“What is most memorable for us is having followed U.Va. sports through good and bad times and getting to experience such a great run with our family,” Willett-Smith said.
Virginia’s 2019 tournament was also special because of the Cavaliers’ struggles in previous years.
“Fair or not, Bennett and Virginia’s style had been under attack since the team roared onto the national scene in the 2013-14 season, no more so than after Virginia lost to UMBC the year before,” said Robert Elder, Class of 2017 alumnus and former sports editor during The Cavalier Daily’s 127th term.
Elder further explained how winning a national title validated Virginia’s style of play, silenced the Cavaliers’ critics and relieved the program of the burden of winning its first championship. For Elder, Virginia’s entire tournament run was a dramatic story fit for a movie — from the first-round scare against Gardner Webb to the late-game finishes in the final three games.
“From a pure basketball perspective, it was just an amazing rush of joy and emotion,” Elder said. “To watch Virginia play as well as it did and win a national championship in front of a truly national audience was one of the greatest feelings I have ever experienced.”
Class of 2016 alumnus Gray Ellington echoed the significance of the Cavaliers’ inaugural title, especially for the emotional and dedicated Virginia faithful.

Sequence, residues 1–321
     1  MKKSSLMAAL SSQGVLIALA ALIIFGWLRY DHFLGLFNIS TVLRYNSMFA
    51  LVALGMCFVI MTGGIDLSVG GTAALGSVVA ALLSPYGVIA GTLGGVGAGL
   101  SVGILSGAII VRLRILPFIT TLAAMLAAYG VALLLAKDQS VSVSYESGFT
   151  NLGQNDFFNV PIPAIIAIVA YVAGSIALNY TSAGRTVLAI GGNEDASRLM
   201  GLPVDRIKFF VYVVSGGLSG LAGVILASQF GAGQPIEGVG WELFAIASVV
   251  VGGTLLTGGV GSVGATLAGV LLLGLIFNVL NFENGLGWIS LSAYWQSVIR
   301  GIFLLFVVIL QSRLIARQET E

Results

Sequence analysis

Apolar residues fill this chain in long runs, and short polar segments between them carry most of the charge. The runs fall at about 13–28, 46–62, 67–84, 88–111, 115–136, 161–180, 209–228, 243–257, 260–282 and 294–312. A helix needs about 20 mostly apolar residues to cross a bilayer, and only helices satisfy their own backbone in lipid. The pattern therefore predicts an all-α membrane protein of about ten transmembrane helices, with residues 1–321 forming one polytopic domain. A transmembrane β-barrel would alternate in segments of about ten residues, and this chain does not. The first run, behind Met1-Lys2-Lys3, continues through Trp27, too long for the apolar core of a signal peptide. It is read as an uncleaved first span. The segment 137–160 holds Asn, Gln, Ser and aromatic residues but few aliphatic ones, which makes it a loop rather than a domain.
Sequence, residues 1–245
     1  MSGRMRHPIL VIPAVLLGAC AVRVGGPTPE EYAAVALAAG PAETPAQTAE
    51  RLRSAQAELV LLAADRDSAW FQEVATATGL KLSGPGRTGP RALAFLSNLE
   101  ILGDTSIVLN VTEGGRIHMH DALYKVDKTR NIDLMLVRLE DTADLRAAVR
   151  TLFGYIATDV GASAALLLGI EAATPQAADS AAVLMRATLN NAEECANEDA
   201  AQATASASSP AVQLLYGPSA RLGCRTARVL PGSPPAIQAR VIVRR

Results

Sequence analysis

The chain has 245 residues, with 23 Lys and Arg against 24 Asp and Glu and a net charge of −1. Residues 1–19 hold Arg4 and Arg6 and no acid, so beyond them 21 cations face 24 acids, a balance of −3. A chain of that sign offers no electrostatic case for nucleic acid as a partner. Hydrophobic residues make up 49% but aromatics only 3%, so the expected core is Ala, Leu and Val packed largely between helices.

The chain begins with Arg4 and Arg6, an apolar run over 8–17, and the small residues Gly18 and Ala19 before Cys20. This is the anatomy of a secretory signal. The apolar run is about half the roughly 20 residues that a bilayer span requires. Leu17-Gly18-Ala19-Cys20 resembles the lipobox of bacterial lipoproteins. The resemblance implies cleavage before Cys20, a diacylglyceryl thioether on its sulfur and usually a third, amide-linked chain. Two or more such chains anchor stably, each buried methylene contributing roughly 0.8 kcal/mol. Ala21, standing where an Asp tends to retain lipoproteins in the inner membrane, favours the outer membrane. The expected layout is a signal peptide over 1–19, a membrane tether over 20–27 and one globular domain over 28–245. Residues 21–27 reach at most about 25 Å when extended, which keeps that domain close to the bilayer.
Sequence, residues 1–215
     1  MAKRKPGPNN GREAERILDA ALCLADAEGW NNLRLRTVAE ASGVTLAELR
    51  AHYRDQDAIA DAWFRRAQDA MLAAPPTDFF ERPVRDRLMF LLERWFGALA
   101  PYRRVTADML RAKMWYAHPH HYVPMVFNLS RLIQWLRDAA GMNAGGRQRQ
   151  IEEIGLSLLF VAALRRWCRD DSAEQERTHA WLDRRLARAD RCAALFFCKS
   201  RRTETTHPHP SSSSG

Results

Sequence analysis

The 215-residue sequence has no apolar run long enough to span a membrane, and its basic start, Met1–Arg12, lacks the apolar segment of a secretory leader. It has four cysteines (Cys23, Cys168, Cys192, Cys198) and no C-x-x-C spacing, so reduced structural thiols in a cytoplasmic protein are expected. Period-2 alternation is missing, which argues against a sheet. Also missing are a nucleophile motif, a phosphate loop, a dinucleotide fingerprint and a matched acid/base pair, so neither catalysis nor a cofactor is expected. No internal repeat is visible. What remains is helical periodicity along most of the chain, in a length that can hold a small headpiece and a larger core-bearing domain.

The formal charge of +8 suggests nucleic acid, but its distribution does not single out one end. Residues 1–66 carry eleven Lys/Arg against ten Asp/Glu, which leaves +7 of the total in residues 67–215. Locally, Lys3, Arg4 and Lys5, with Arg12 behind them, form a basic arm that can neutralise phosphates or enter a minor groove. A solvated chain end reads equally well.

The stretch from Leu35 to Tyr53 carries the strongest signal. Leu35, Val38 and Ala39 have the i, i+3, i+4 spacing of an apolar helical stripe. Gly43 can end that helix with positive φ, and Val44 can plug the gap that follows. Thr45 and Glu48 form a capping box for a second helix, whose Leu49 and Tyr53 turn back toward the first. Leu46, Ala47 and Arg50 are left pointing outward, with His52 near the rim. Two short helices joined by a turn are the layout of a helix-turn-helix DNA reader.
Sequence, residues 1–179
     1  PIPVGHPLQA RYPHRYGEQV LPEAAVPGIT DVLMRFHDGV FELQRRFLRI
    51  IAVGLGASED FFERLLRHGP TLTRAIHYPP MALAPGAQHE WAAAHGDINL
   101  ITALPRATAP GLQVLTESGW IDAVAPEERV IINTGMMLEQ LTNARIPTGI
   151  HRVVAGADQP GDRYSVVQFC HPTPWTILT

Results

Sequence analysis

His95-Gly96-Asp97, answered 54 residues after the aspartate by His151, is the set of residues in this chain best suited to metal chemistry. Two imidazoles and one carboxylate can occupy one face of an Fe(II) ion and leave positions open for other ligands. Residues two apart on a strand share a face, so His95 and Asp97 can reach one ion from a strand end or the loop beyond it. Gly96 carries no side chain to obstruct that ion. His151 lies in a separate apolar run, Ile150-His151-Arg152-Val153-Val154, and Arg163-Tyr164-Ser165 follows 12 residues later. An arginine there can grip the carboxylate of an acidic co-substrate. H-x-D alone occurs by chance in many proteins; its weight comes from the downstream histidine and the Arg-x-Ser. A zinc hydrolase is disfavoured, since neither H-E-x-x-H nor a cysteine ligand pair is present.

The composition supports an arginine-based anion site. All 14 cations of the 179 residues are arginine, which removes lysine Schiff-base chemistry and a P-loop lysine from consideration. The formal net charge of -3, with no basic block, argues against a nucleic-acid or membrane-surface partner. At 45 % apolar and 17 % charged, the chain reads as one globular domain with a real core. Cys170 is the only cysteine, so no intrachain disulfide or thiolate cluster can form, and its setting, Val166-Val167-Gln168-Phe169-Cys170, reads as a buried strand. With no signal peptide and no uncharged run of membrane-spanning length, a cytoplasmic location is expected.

“[Making the] Final Four was necessary to just heal a lot of the pain from last year and to really just help this fan base sort of move on and find redemption just from the troubles of the past,” Ellington said.
Ellington also emphasized that the program’s accomplishment wasn’t simply a victory for the current team but for past Virginia basketball generations as well. From Ralph Sampson of the 1980s to Sean Singletary of the 2000s and Malcolm Brogdon of the early 2010s, the 2019 title was a victory for all Virginia players, past and present.
In addition to being a University alumnus, Ellington also manages the popular @wahoops_ Instagram account — a social media fan page dedicated to Virginia sports with more than 23,500 followers. While Ellington admitted the account grew quickly during the tournament, especially over Final Four weekend, his focus was still on watching the games.
“I was just enjoying the weekend,” Ellington said. “I mean, I felt like I was just a fan and I had people and kids coming up to me and recognizing me, but that was kind of the first time that that had ever happened. So that was interesting, but I also was fanboying and trying to meet all the former players.”
Ellington and other fans highlighted a common theme surrounding Virginia’s national championship success last year. The Cavaliers’ tournament performance wasn’t just an athletic achievement — it was an emotional release, a unifying event and, in Elder’s words, “something that can never be taken away and an experience we all get to relive every time we see the championship banner.”
When the final buzzer rang that fateful Monday night, members across the Virginia family — from Minneapolis to Tajikistan — were overwhelmed with feelings of pride, happiness and redemption. Even today, it's clear that those feelings have not faded.
“U.Va. basketball and all U.Va. sports programs are more than just sports,” Ragland said. “They bring together people that may have nothing in common, and I believe the national championship highlighted the greatness of the U.Va. community.”